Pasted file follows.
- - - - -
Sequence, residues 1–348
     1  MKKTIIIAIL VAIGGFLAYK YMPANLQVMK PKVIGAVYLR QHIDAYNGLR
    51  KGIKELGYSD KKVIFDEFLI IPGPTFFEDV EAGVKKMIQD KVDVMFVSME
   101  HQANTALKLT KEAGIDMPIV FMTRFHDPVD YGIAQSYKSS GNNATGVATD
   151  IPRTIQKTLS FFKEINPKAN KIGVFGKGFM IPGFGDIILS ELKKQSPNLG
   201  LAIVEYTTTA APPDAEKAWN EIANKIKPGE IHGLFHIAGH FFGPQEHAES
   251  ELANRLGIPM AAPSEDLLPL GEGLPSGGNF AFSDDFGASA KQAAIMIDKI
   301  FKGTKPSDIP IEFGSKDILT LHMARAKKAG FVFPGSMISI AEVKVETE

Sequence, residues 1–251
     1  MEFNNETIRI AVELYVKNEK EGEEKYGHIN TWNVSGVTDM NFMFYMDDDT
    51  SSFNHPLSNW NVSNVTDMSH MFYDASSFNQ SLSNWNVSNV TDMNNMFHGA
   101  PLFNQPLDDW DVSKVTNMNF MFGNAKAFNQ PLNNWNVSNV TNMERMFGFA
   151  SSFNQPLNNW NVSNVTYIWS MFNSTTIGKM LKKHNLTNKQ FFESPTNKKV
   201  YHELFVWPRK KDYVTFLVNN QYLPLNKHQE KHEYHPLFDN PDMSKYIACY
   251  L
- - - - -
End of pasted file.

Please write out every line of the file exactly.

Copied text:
Sequence, residues 1–348
     1  MKKTIIIAIL VAIGGFLAYK YMPANLQVMK PKVIGAVYLR QHIDAYNGLR
    51  KGIKELGYSD KKVIFDEFLI IPGPTFFEDV EAGVKKMIQD KVDVMFVSME
   101  HQANTALKLT KEAGIDMPIV FMTRFHDPVD YGIAQSYKSS GNNATGVATD
   151  IPRTIQKTLS FFKEINPKAN KIGVFGKGFM IPGFGDIILS ELKKQSPNLG
   201  LAIVEYTTTA APPDAEKAWN EIANKIKPGE IHGLFHIAGH FFGPQEHAES
   251  ELANRLGIPM AAPSEDLLPL GEGLPSGGNF AFSDDFGASA KQAAIMIDKI
   301  FKGTKPSDIP IEFGSKDILT LHMARAKKAG FVFPGSMISI AEVKVETE

Sequence, residues 1–251
     1  MEFNNETIRI AVELYVKNEK EGEEKYGHIN TWNVSGVTDM NFMFYMDDDT
    51  SSFNHPLSNW NVSNVTDMSH MFYDASSFNQ SLSNWNVSNV TDMNNMFHGA
   101  PLFNQPLDDW DVSKVTNMNF MFGNAKAFNQ PLNNWNVSNV TNMERMFGFA
   151  SSFNQPLNNW NVSNVTYIWS MFNSTTIGKM LKKHNLTNKQ FFESPTNKKV
   201  YHELFVWPRK KDYVTFLVNN QYLPLNKHQE KHEYHPLFDN PDMSKYIACY
   251  L